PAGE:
Thai police go after moms who held vigil seeking release of their activist children

Suriya Sithijirawattanakul attends an April 28 vigil at the Supreme Court alongside other mothers seeking the release of their children, all leaders in the pro-democracy movement, held in indefinite pre-trial detention. Photos: Resistant Citizen / Facebook
Suriya Sithijirawattanakul attends an April 28 vigil at the Supreme Court alongside other mothers seeking the release of their children, all leaders in the pro-democracy movement, held in indefinite pre-trial detention. Photos: Resistant Citizen / Facebook

The mothers of a pro-democracy campaigners stand accused of violating the emergency pandemic decree by joining a protest last month calling for the release of their children.

Lt. Col. Phitsanu Kerdthong of Chana Songkram police said today that they have summoned several participants over the vigil held at the Supreme Court. The news came to light after student protest leader Panusaya “Rung” Sithijirawattanakul, who was recently freed on bail after contracting COVID-19 behind bars, today said her mother was called in for questioning. Panusaya published a police summons alleging that Suriya Sithijirawattanakul and other mothers violated public health measures by exceeding 20 people.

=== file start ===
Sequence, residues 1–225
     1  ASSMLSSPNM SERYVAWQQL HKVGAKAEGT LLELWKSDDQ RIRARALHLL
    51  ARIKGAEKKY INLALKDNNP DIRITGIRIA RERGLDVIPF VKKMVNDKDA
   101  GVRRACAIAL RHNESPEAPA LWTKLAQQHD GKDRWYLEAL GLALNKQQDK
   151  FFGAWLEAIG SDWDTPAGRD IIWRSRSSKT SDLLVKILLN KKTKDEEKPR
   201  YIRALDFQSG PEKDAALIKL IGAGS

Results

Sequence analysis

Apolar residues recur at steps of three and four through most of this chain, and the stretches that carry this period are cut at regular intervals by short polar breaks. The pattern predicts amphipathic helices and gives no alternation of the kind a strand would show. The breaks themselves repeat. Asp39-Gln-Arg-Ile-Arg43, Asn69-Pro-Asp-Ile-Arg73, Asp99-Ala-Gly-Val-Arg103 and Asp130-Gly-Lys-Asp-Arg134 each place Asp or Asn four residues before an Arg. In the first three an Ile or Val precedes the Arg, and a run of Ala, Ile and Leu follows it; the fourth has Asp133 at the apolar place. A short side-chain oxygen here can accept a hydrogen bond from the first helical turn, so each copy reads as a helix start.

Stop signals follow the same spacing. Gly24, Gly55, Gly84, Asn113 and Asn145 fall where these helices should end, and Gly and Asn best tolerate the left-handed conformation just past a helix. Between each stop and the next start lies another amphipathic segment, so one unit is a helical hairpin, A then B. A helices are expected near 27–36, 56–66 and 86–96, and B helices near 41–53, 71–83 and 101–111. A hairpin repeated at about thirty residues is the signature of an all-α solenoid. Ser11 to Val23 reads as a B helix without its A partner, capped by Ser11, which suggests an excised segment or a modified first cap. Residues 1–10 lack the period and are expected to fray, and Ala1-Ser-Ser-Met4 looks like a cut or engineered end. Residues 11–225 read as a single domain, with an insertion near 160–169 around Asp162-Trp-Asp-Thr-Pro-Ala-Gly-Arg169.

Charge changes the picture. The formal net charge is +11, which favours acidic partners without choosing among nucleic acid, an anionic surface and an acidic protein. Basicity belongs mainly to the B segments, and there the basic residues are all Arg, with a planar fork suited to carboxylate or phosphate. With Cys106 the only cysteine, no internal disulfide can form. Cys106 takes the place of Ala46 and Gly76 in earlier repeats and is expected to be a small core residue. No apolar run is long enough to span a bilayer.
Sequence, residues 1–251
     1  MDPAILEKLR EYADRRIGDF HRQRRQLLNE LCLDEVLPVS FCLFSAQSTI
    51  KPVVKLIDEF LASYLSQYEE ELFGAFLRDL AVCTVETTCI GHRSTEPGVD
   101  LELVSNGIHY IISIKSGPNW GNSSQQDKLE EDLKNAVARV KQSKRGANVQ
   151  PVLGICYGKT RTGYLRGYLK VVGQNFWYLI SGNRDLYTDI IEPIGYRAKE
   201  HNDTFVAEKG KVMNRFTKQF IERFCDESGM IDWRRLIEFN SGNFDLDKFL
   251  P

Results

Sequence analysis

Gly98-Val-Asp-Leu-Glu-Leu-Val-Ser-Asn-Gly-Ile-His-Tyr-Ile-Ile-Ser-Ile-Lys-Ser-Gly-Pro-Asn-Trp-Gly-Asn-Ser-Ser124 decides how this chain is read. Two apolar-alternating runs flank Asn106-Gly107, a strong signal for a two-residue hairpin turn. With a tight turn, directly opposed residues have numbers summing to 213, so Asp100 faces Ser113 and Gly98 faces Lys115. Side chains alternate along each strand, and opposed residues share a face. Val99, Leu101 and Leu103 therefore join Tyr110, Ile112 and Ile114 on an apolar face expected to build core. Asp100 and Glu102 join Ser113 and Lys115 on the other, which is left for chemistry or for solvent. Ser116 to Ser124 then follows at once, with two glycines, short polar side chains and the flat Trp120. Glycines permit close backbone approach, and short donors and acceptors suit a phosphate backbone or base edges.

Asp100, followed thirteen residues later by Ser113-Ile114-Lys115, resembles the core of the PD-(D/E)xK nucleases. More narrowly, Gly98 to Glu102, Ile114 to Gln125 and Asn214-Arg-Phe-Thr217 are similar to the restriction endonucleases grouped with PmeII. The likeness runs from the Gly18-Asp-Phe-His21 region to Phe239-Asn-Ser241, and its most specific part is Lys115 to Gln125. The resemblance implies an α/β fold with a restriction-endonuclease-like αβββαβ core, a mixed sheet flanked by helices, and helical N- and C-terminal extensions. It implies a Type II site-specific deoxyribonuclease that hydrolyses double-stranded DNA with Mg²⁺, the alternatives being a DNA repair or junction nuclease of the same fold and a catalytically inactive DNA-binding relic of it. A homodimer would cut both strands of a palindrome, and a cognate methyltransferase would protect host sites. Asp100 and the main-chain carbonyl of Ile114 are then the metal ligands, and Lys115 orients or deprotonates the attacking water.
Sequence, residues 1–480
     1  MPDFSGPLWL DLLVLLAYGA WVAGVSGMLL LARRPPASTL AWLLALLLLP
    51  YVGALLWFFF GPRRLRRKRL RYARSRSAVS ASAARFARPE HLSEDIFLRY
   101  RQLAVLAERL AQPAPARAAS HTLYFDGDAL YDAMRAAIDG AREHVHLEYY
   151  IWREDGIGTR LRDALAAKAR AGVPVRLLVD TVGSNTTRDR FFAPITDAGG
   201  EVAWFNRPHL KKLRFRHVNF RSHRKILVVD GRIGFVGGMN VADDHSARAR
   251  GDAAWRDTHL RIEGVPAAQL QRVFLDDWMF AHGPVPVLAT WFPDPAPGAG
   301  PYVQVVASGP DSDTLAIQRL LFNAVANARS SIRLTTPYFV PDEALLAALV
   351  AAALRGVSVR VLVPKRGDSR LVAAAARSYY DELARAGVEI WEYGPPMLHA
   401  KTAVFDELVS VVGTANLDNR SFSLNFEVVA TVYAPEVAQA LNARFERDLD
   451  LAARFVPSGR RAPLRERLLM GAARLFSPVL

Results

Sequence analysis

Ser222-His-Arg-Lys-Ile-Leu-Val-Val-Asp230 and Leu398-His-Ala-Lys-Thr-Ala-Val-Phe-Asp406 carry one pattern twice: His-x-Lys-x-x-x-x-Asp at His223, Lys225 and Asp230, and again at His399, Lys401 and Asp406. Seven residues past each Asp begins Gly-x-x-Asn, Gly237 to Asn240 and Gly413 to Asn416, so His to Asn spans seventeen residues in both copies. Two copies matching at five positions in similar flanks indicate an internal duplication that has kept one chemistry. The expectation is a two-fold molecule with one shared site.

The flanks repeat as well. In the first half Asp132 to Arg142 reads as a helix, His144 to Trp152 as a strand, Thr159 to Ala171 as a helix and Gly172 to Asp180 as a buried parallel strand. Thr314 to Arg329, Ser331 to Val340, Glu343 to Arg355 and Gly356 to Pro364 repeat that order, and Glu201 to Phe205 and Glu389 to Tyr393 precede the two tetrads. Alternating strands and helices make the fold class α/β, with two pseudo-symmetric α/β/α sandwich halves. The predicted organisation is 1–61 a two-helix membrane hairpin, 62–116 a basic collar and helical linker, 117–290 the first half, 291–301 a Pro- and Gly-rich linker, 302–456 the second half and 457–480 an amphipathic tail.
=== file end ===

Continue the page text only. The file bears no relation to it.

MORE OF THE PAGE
Lt. Col. Phitsanu said he was too busy to comment on their cases further. 

Panusaya, who has risen to become a movement icon, wrote that the accusations didn’t make sense.

“My mom was summoned because she joined the moms’ protest by standing still as a symbolic expression to ask for the release of me and other activists. They maintained social distancing without any close contact with others,” she wrote of the event, photos of which showed participants masked and keeping distant. “My mom doesn’t understand what she is guilty of because she just wanted the release of her child. … I don’t understand it either, mom.” 

Reached for comment Wednesday afternoon, Lt. Col. Phitsanu Kerdthong of Chana Songkram police said they have also summoned other participants in the protest for violating the decree. He said he was too busy to comment further.

The April 28 protest was organized by pro-democracy group Resistant Citizen.

Since enacting the emergency decree in the early days of the pandemic last year, the military-backed government has leaned on it a tool to suppress public opposition, especially calls for royal reforms. Panusaya and other movement leaders have been charged with sedition as well as a draconian royal insult law which was resuscitated last year.  

The government’s continuous extension of the law, which grants officials absolute power to take any actions deemed necessary, has been criticized as a means of muzzling dissent rather than protecting health.

Panusaya was released May 6 on a bond after 59 days behind bars awaiting trial on those and other charges. She was freed after going on a hunger strike along with fellow activist leader Parit “Penguin” Chiwarak, who was released five days later.

Word that the high-profile figure had contracted the disease behind bars fed helped pressure prison officials to come clean about the virus’s rampant spread through the incarcerated.

Related

Thailand mulls early release, home confinement to stem prison outbreak

Student activist leader ‘Rung’ granted bail after 59 days in jail

 

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